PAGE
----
Researchers may have found a way to develop antibiotics superbugs can't resist.
By now, you’ve likely heard of “superbugs,” bacteria and viruses that are able to resist today’s major antibiotic and antiviral medications. They’re a scary problem that leads to two million infections and 23,000 deaths in the U.S. each year because we just don’t have antibiotics that can treat them.
Troublesome bacteria include serious staph infections (MRSA), tuberculosis (TB), E. coli, and Klebsiella, to name a few, and cause everything from skin infections to lung and urinary tract infections. Up to this point, the bacteria had seemed to be winning–able to develop resistance to even our best and newest antibiotics. However, a recent study in the journal Nature has added some great news to this otherwise concerning problem. Scientists have discovered a new way to develop antibiotics, and have lately identified one that was able to treat several strains of superbugs.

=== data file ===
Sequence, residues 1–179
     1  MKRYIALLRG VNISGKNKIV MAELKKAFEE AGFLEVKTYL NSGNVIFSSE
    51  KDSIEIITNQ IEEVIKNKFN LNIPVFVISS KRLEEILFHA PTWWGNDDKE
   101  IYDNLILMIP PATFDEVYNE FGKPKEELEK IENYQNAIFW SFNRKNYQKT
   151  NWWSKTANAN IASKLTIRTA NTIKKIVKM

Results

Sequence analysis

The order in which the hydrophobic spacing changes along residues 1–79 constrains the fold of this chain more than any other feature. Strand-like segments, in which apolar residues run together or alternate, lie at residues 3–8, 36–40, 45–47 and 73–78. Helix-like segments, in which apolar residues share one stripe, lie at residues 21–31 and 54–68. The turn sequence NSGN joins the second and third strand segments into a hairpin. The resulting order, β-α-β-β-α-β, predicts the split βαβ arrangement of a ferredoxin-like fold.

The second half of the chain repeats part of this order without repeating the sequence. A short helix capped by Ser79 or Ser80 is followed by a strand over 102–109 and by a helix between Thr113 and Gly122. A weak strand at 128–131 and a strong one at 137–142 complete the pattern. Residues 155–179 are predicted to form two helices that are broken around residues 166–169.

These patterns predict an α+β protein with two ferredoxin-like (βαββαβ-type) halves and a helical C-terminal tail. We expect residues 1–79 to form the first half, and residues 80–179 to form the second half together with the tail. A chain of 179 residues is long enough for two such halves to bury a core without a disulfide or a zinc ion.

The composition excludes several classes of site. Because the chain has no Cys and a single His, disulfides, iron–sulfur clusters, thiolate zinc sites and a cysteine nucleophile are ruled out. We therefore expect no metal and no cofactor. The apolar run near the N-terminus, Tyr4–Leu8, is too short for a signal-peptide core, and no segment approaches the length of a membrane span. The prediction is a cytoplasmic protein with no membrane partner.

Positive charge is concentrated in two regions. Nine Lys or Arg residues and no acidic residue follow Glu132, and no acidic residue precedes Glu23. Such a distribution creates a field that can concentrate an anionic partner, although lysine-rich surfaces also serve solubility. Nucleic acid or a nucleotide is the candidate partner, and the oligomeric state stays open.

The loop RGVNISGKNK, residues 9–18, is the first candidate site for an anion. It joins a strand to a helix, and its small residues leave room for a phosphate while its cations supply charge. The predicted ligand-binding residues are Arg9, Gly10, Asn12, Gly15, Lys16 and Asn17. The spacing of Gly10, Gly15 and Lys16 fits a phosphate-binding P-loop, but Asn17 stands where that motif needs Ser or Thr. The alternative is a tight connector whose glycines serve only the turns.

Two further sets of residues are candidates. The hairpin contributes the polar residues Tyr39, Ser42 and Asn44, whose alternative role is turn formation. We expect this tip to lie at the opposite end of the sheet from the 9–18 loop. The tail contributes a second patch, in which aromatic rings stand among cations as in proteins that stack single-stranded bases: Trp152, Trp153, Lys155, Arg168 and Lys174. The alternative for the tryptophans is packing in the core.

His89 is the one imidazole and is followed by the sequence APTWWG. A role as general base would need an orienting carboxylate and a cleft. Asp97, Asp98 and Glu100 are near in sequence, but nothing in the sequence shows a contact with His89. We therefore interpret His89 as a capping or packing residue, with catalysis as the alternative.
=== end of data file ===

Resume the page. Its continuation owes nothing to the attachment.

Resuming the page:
It’s important to note that these studies are still experimental–as in, they haven’t been tried in humans yet. The antibiotic has so far been tested in mice, and was able to cure infections of the skin and lungs. Also, it doesn’t treat every superbug species, but was effective against MRSA, streptococcus and tuberculosis.
One of the most interesting (and promising) things about this new antibiotic is that it kills bacteria via a method that makes it very difficult for the bacteria to develop resistance to it. That feature alone makes it different from the vast majority of our historic antibiotics, against which bacteria have been able to mutate and eventually become resistant. If that stays true, it will certainly be a huge paradigm shift in the use and discovery of new antibiotics.
Don’t call it a “superdrug” yet. There are still years of testing in humans for both safety and efficacy. However, you can bet that I–and every other doctor challenged with treating superbug infections–will be eagerly awaiting updates.
This content originally appeared on Sharecare.